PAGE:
On December 23, 2009, the New York County Supreme Court denied the motion to dismiss of the law firm defendant, and held that the plaintiff, a former associate at the firm, stated a cause of action for violation of an oral contract to pay the plaintiff one-tenth of the legal fees that the firm collected in any cases which the plaintiff originated.
Adams v. Labaton Sucharow & Rudoff, Index No. 106045/2009 (N.Y. Sup. Ct. N.Y. County Dec. 23, 2010). The defendant is a mid-sized New York City law firm which specializes in representing plaintiffs in class actions. The plaintiff, who was a New Mexico assistant attorney general before joining the firm, alleges that his government connections helped the firm sign up New Mexico as a client in class actions brought by that state, as a result of which the firm earned $118 million in legal fees.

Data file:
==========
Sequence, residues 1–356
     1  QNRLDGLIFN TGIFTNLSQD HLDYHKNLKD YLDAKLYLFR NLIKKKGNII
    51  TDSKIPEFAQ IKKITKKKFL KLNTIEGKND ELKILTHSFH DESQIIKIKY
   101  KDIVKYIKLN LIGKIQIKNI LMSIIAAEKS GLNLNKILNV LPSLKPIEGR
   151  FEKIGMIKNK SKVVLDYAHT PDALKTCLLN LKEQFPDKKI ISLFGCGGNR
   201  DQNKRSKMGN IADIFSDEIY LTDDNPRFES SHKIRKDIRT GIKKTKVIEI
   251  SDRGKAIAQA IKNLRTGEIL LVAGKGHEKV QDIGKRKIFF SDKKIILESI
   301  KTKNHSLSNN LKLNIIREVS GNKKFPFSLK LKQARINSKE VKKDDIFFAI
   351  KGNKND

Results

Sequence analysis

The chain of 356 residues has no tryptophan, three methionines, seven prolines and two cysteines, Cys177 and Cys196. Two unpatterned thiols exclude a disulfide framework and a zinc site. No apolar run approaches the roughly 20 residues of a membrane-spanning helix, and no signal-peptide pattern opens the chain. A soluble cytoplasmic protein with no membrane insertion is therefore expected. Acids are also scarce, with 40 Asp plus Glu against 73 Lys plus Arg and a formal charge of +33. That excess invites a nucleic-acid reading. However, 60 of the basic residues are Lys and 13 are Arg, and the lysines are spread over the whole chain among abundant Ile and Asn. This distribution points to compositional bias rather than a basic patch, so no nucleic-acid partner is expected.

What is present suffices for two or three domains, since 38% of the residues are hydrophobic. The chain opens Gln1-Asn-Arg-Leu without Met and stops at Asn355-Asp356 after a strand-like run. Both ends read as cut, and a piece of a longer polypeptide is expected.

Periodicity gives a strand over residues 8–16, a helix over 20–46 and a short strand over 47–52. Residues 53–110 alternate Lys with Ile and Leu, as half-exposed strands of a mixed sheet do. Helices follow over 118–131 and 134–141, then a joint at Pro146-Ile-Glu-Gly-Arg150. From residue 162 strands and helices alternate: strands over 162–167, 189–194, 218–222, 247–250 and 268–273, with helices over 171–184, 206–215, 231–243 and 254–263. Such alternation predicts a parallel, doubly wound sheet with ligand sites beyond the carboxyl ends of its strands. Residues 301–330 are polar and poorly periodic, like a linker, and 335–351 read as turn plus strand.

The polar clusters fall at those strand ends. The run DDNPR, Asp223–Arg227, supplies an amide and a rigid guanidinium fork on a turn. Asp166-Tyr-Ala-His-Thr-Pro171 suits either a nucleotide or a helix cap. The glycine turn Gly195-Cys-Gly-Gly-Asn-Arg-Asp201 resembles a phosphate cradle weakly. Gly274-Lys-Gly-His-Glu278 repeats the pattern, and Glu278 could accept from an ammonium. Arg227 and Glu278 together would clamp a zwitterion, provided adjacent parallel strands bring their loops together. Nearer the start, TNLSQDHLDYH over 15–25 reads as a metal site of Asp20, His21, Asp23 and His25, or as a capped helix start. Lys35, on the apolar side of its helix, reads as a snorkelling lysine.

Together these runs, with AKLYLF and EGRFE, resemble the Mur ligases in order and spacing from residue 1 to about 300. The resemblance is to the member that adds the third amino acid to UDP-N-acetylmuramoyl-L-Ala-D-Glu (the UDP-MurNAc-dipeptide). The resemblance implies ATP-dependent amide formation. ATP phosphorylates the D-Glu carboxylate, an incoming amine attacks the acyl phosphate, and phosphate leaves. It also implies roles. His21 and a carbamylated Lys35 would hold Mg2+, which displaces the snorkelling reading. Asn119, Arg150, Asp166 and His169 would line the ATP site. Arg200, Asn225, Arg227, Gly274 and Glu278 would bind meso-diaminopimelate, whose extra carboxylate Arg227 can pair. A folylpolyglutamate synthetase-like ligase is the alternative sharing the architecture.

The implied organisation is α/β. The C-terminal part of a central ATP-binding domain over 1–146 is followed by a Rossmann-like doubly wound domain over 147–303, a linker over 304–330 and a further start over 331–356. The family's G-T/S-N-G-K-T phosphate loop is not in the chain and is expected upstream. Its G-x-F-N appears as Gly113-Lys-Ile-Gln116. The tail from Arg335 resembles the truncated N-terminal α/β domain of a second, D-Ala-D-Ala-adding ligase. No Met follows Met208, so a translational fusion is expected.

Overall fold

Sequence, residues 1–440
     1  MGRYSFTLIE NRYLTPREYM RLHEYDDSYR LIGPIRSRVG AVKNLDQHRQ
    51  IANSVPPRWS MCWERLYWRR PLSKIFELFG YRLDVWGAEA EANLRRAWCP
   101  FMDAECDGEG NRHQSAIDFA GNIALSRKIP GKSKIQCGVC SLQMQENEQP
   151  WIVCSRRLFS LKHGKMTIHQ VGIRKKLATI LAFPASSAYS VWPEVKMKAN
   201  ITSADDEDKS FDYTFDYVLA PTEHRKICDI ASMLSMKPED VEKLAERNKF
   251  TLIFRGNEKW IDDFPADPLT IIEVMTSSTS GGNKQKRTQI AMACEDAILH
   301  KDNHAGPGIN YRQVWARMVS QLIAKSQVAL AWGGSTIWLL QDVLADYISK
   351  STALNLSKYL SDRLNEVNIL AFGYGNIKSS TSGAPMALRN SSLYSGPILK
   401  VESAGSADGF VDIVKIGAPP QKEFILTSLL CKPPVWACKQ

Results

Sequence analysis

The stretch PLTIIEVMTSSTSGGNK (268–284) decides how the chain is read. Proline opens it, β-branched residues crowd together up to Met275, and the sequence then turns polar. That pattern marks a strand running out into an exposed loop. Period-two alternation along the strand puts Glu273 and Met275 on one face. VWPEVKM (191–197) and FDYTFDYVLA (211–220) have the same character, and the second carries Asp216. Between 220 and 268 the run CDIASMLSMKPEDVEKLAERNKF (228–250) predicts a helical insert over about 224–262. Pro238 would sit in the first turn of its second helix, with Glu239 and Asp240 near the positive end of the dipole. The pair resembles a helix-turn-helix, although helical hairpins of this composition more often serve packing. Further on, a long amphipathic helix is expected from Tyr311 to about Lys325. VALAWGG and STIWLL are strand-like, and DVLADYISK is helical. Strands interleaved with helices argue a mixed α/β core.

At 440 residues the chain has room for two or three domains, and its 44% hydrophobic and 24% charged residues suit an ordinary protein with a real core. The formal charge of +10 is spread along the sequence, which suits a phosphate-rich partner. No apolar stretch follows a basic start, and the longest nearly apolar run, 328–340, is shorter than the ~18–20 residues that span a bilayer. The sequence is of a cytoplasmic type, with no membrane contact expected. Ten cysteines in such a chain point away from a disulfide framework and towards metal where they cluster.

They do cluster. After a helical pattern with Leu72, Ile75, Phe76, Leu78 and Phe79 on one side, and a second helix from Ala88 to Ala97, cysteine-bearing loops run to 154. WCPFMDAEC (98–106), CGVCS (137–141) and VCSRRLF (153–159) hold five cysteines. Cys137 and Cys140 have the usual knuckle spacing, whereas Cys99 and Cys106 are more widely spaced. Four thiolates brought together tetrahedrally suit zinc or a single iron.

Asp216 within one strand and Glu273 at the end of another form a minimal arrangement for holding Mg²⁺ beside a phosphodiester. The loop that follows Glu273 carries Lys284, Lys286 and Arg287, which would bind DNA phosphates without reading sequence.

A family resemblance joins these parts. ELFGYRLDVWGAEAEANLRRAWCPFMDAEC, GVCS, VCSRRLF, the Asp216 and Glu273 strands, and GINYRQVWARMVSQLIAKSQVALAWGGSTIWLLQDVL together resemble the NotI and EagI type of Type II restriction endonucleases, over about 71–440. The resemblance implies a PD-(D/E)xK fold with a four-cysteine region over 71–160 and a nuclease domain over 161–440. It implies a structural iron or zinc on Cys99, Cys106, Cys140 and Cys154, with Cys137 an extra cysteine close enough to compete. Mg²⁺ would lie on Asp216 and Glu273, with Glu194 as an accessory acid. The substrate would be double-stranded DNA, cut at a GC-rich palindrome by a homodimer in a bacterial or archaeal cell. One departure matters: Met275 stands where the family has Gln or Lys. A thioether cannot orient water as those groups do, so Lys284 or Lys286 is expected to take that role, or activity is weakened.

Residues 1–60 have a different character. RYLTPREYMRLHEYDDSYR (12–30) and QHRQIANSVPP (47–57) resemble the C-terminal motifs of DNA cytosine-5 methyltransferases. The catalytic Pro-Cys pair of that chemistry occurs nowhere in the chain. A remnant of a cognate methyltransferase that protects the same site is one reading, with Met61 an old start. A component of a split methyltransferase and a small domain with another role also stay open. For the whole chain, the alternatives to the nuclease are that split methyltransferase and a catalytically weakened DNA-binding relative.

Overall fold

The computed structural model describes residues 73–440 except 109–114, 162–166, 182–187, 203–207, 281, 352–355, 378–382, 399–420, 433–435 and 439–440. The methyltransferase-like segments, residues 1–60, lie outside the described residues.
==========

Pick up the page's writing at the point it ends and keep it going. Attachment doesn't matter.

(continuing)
The Adams decision, which is linked below, is grounded on a well-established principle which I have explained in two recent articles: that employees within the State of New York may enforce an oral agreement, made at the beginning of the employment relationship, to pay an annual bonus where such bonus is an integral part of the plaintiff’s compensation package.